There wasn’t much that was fascinating about it, but then we were only spending nine hours there. We ended up with the stopover after I became desperate to get us home without shelling out an extra thousand dollars more than we had budgeted. We had found flights earlier that went from Manila to Hawaii, and then Hawaii home for a good deal. When we went to book, those rates were no longer there. It’s a likely story when you’re living your life one “one-way ticket” to the next.

I have a PhD in flight route planning these days. I have most airport codes memorized and a good understanding of what airlines fly where. I use several resources to find airlines that aren’t listed on regular sites, and we’re not above wiring money or paying cash in person. When all of these options fail though, I use the kayak multi-stop function. It saved us a ton of money on our tickets. It also earned us 9 hours in Nagoya, Japan.

It’s worth noting that we booked out tickets before the earthquake struck and were scheduled to visit seven days after. This added a new level of “fun” to our adventure. Our stop-over went like this:

We landed in Nagoya at 11am. An American flight attendant urged us not to go into the city because of radiation levels. This was BS. We were further from the nuclear plants than Tokyo. We ignored her.

We stood in the wrong line, finally found the right customs area, got stamped (no visa required), and headed for the trains. We put our carry-ons in a locker and grabbed a map…in Japanese. This was our first sign that our day-trip was not going to go well. I stared at the map with Japanese characters marking each stop, turned to Tim and said well let’s buy a ticket.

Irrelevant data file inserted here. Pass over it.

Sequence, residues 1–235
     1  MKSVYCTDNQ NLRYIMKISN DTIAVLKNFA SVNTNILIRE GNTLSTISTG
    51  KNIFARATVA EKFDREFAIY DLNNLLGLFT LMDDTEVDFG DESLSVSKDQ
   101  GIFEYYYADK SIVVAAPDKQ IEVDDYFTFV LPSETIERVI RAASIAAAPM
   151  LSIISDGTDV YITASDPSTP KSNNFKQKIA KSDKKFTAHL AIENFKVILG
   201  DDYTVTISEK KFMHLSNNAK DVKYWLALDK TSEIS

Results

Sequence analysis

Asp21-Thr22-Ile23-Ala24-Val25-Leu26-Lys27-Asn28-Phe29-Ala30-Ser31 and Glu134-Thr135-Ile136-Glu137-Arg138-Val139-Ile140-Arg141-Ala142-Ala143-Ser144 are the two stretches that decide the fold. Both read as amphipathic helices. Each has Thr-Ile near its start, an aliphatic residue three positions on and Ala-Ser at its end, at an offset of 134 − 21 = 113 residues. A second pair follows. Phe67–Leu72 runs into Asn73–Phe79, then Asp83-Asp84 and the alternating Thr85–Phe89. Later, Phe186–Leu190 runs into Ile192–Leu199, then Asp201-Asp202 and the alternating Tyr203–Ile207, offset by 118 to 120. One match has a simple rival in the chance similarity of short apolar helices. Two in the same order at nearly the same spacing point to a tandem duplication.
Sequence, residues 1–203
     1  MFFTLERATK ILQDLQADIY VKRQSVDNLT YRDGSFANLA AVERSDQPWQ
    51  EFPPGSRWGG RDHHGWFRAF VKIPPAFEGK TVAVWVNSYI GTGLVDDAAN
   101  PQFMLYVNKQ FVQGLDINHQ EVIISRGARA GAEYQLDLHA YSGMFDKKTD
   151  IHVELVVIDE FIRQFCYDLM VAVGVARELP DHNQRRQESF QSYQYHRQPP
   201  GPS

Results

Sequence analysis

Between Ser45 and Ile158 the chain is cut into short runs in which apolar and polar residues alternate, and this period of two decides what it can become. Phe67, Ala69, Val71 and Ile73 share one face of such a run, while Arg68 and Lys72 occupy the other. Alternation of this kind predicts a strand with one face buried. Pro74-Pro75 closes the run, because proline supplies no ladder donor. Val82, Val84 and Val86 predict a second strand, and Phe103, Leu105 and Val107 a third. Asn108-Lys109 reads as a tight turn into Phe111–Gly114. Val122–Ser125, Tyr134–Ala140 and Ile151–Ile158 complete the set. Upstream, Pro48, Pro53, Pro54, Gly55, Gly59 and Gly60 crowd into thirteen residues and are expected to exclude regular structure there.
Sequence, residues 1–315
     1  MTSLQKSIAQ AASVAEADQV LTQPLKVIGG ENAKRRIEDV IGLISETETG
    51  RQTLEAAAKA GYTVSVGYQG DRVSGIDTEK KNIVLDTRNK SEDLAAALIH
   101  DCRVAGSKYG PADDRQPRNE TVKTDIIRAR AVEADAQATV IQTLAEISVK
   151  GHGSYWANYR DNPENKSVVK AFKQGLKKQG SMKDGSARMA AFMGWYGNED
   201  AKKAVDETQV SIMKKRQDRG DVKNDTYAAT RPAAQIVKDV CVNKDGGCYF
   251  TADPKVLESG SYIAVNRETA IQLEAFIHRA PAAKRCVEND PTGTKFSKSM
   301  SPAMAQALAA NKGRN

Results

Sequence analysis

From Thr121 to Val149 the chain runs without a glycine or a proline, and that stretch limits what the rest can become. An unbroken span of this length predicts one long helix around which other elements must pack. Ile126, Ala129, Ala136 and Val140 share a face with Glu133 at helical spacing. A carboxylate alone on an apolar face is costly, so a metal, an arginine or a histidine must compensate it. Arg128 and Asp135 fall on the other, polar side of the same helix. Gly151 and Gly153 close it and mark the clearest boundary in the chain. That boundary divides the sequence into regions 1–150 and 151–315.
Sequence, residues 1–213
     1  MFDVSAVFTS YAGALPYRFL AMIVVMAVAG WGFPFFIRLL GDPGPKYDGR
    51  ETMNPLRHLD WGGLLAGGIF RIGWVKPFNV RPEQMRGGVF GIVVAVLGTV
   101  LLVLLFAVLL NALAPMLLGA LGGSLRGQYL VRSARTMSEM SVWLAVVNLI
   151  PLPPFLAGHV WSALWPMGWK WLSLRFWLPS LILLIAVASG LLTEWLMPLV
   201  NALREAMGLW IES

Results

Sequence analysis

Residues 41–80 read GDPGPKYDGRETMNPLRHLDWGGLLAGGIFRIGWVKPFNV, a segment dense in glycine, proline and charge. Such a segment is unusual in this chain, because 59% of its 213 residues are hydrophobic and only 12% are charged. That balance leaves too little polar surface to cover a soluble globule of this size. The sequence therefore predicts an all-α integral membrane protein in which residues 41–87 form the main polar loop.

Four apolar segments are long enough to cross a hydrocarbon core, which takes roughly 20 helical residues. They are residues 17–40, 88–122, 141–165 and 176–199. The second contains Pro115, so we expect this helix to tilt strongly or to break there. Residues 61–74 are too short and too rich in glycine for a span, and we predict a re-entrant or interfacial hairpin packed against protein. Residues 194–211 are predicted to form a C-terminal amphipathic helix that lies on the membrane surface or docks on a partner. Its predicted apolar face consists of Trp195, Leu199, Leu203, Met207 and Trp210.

Buying a ticket required a lot of pointing and shaking our heads no. This was not good. We finally got our tickets and were on the train. All we had to do was look for the character that looks like a house followed the one that looks short of like a “W” (but not) to come up and that was our stop.

We missed it.

We went to the next stop, got off, and took the train in the opposite direction. It was an express all the way back to the airport. So, about 50 minutes after leaving the airport we were back again. We tried a third time, this time I pointed at the map to a father with two children beside me and mimed for him to tell me when we were at the stop. Success!

Now we needed to locate the local subway to Nagoya Castle. This took some patience but ultimately we arrived. The Nagoya Castle was destroyed and this one was a replica of the fort like structure from almost a thousand years ago. We were thankful that some of information was in English, although we didn’t see one non-Asian person there, or anywhere in Nagoya.

After a quick stop at a Tea house (I couldn’t resist), We only had one other thing that we needed to do. We were in search of Sushi. After wandering aimlessly, like the clueless foreigners that we were, we found a place that was exactly what we wanted. It was the kind of place that counts the plates when you’re done and adds up the price by color.

We walked in and were created by shouts from the Sushi chefs behind the counter. Did we win some secret contest? No, it turns out they shout like that when anyone walks through the door. It’s like a surprise party every few minutes. Tim and I once again resorted to a mixture of pointing and we searched our brain for the Japanese words for the fish we wanted (suddenly very thankful sushi restaurants in the U.S. often keep the Japanese names on their menus). The sushi was fresh, unique, and had way too much wasabi. I was in tears, and Tim almost was too – from laughing at my face. I realized there was a thick layer of wasabi between the rice and fish in the maki rolls. Lesson learned.

At the end, we probably ate as much as family of Japanese would eat, and it cost us about as much as we would have spent in a week on food in Cambodia.

adding up our plates